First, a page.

Maasai Community of Laikipia

Samburu herder shaking acacia pods from a tree.

A Samburu herder shakes acacia pods from a tree.

Maasai Community of Laikipia
Photographs by Tom Rankin

In July I traveled to Kenya with Wend Wendland of the World Intellectural Property Organization (WIPO) in Geneva and Guha Shankar of the American Folklife Center (AFC) at the Library of Congress to continue our project to assist the Maasai community of Laikipia in documenting their own culture. Working with the Maasai Cultural Heritage, we spent nine days training Maasai to document their own community, producing new images and audio recordings that will help preserve and protect Maasai creativity and history. The fundamental goal of the project is to build an archive about the Maasai by the Maasai, supplementing and countering the many ways in which the tribe has been “pictured” by others.

In addition to the partnership between WIPO, AFC, and CDS, we also worked closely with Kiprop Lagat of the National Museums of Kenya in Nairobi, another major partner. Our time in Kenya, where we stayed in the Il Ngwesi community, was a continuation of training begun in Washington and at CDS last year when Ann Tome Sintoyia and John Ole Tingoi, both of Maasai Cultural Heritage, and Kiprop Lagat visited here.

In a community ceremony, under the shade of a majestic acacia tree, still cameras, audio recorders, and computer equipment for supporting a digital archive, all provided by the World Intellectual Property Organization (WIPO), were formally handed over Chief Kisio and other elders of the Maasai community.

—Tom Rankin
Director, Center for Documentary Studies at Duke University

Articles about the Project

“Who Owns the Image of the Maasai?” by Philip Ngunjiri (The East African, posted August 24, 2009)

“Maasai Music on iTunes? U.N. Agency Works to Help” by Laura MacInnis (Reuters, posted July 29, 2009)

“Maasai to Digitally Record Heritage” (United Nations press release, posted August 6, 2009)

“Indigenous Community Goes Digital with High-Tech Support from WIPO” (WIPO press release, posted July 30, 2009)

“American Folklife Center Announces Training Program for Indigenous Communities” (AFC press release, posted May 2008)

For additional information, please contact Tom Rankin.

Ann Tomei photographing a Samburu herder under an acacia tree.

Ann Tome Sintoyia photographs a Samburu herder under an acacia tree.

Guha Shankar of the American Folklife Center showing the fieldwork photographs made earlier in the day, and explaining digital archiving to members of the Maasai Cultural Heritage project at Il Ngwesi Lodge.

Guha Shankar of the American Folklife Center shows fieldwork photographs made earlier in the day while explaining digital archiving to members of the Maasai Cultural Heritage project at Il Ngwesi Lodge.

Maasai women dancing at ceremony where equipment purchased by the World Intellectual Property Organization was presented to the village elders.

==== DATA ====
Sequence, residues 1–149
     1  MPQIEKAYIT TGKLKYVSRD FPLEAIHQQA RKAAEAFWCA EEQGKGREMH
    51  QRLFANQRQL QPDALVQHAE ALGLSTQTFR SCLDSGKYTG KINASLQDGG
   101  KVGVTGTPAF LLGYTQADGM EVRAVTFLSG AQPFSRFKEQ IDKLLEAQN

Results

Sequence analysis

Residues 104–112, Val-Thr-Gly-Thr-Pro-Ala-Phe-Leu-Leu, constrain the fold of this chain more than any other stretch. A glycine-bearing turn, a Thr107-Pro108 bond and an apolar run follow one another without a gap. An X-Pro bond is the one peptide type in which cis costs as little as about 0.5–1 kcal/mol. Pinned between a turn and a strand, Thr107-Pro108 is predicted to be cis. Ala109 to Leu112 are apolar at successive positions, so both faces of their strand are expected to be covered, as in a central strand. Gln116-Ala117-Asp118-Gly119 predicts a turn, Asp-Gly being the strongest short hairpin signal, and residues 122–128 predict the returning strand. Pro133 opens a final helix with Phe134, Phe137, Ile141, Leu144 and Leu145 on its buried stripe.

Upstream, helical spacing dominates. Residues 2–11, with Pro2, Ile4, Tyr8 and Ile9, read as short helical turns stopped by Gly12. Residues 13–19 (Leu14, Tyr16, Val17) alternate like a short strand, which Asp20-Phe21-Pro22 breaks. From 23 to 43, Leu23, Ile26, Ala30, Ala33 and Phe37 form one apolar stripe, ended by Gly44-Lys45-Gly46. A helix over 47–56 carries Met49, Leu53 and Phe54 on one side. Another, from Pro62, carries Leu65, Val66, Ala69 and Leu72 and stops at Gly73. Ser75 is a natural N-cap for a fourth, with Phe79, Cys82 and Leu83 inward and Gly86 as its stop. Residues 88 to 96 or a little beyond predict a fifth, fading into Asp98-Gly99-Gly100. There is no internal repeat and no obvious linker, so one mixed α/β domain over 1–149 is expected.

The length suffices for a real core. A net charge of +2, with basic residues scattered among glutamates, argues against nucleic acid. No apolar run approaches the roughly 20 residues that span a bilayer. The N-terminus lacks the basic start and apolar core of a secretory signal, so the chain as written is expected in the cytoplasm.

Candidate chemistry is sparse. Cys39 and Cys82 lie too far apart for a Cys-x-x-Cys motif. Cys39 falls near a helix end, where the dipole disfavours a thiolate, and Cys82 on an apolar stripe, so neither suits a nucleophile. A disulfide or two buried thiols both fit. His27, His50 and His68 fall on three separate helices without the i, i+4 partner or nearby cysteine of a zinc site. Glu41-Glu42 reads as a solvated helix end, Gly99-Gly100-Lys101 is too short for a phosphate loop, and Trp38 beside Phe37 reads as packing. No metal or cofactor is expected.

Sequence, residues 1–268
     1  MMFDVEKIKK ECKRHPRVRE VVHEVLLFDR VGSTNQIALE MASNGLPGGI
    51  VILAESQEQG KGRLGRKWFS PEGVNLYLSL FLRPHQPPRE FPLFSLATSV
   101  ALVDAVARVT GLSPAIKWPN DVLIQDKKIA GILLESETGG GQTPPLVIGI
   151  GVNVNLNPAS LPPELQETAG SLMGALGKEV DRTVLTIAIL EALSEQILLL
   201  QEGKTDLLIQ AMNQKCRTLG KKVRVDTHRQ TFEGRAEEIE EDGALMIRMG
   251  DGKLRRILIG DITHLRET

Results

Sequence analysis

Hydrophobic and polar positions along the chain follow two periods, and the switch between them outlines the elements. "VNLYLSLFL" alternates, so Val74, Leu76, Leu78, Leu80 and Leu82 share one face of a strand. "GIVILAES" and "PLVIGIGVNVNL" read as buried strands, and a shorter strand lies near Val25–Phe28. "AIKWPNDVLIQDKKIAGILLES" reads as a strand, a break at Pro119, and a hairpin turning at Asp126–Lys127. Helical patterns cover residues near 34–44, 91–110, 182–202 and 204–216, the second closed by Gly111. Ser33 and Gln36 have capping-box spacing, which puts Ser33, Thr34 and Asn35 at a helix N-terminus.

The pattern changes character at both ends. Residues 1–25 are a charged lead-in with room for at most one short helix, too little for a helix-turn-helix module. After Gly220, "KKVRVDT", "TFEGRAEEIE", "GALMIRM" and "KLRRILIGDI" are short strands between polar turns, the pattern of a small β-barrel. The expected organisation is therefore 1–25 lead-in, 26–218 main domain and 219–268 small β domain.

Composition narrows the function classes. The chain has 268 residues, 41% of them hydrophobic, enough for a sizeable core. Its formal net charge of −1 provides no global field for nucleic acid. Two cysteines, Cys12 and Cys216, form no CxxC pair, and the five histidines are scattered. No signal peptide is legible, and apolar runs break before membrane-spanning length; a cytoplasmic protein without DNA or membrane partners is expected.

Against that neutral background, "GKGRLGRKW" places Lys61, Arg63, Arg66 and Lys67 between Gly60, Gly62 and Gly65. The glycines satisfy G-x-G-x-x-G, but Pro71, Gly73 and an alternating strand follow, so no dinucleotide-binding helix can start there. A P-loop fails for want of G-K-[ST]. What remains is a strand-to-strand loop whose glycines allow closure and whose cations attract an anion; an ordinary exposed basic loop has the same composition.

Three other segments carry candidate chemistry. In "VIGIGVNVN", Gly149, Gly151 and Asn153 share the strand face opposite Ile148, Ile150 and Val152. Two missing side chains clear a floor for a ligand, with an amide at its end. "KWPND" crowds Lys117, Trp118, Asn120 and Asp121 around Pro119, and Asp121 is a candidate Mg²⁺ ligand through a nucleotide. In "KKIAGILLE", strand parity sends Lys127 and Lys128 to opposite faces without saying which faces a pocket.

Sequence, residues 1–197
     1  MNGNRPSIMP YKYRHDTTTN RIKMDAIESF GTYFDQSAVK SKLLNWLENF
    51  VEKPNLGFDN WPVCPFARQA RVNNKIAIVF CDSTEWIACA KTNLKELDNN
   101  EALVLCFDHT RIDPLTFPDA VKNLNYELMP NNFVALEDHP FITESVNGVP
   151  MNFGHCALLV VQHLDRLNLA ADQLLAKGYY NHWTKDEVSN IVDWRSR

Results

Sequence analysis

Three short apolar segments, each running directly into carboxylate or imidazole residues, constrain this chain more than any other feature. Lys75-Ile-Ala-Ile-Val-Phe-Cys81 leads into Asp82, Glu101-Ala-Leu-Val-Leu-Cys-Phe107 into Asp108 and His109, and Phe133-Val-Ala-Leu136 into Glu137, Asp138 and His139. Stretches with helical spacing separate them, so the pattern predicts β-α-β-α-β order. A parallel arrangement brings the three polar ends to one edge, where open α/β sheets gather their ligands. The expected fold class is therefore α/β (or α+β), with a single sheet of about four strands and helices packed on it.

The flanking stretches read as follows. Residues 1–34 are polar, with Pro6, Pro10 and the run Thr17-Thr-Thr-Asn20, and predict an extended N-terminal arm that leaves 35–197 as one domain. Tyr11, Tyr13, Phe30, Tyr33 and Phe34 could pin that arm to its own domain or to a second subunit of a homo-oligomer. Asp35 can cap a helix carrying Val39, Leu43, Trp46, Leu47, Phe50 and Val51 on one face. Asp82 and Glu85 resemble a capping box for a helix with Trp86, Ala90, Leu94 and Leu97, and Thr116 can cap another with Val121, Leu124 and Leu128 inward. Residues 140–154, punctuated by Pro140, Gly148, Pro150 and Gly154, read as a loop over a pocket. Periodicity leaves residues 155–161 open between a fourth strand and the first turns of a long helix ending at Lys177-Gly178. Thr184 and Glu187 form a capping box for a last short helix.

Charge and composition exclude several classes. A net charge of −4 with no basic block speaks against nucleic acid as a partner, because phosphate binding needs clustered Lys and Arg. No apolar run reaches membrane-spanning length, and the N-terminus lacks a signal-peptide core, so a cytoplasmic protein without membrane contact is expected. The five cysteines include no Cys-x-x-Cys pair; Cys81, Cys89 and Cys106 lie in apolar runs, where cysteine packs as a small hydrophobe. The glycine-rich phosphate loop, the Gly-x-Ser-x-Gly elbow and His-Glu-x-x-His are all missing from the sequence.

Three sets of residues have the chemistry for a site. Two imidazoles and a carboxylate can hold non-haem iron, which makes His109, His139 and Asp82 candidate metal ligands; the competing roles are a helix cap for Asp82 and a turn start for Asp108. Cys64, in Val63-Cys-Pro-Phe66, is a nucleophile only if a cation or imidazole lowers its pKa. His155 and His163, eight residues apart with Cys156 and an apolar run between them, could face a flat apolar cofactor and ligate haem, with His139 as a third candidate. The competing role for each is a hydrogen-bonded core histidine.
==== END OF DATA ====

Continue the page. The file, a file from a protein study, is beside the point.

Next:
Maasai women dancing at a ceremony where equipment purchased by the World Intellectual Property Organization was presented to the village elders.

Anne Tome Sintoyia photographing women dancing.

Ann Tome Sintoyia makes an audio recording of the women singing and dancing.

Guha Shankar explaining the workings of the a Sony digital recorder to Anne Tome as she records singing and dancing.

Guha Shankar explains the workings of a digital audio recorder to Ann Tome Sintoyia.

"Classroom" where we did a S day training on the banks of a river near the Maasai village.

"Classroom" where we conducted a half-day training session on the banks of a river near Il Ngwesi village.

Training session near the Maasai village. Second from left is Ole Kaunga who first approached the World Intellectural Property Organization about a documentary training project.

A training session near Il Ngwesi village. Ole Kaunga, who first approached the World Intellectual Property Organization about a documentary training project, is seated on the left.

Kiprop Lagat, Curator at the National Museums of Kenya, photographing two Maasai in Il Ngwesi village.

Kiprop Lagat of the National Museums of Kenya photographs two Maasai in Il Ngwesi village.

Maasai school, Lakipia, Kenya.

A Maasai school in Laikipia, Kenya

Anne Tome Sintoyia recording recitation of English alphabet at Maasai school, Lakipia, Kenya.

Ann Tome Sintoyia records a recitation of the English alphabet at a Maasai school in Laikipia, Kenya.

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    6 Responses to “Maasai Community of Laikipia”

    1. Lhay Browning Thriffiley says:

      Amazing work.

    2. An inspiring and important project. Congratulations!

    3. Judy Blankenship says:

      Excellent work in Kenya. Exactly the sort of project I’ve been hoping to establish with the indienous community of Cañar, Ecuador, where I’ve been working for many years. I’ll follow the leads…

    4. Abiyu A. says:

      really an astonishing project! would you share me more?

    5. [...] CDS director Tom Rankin traveled to Kenya a second time in September to continue work with the Maasai community of Laikipia to document their own culture in order to preserve and protect Maasai creativity and history. The project is a partnership between CDS, the World Intellectual Property Organization (WIPO) in Geneva, the American Folklife Center (AFC) at the Library of Congress, and the National Museums of Kenya. The fundamental goal of the project is to build an archive about the Maasai by the Maasai to both supplement and counter the many ways in which the tribe has been “pictured” by others. Read more about the project and view more photographs [...]

    6. [...] may also wish to read Tom Rankin’s blog post here with wonderful photos of the project’s Phase II [...]

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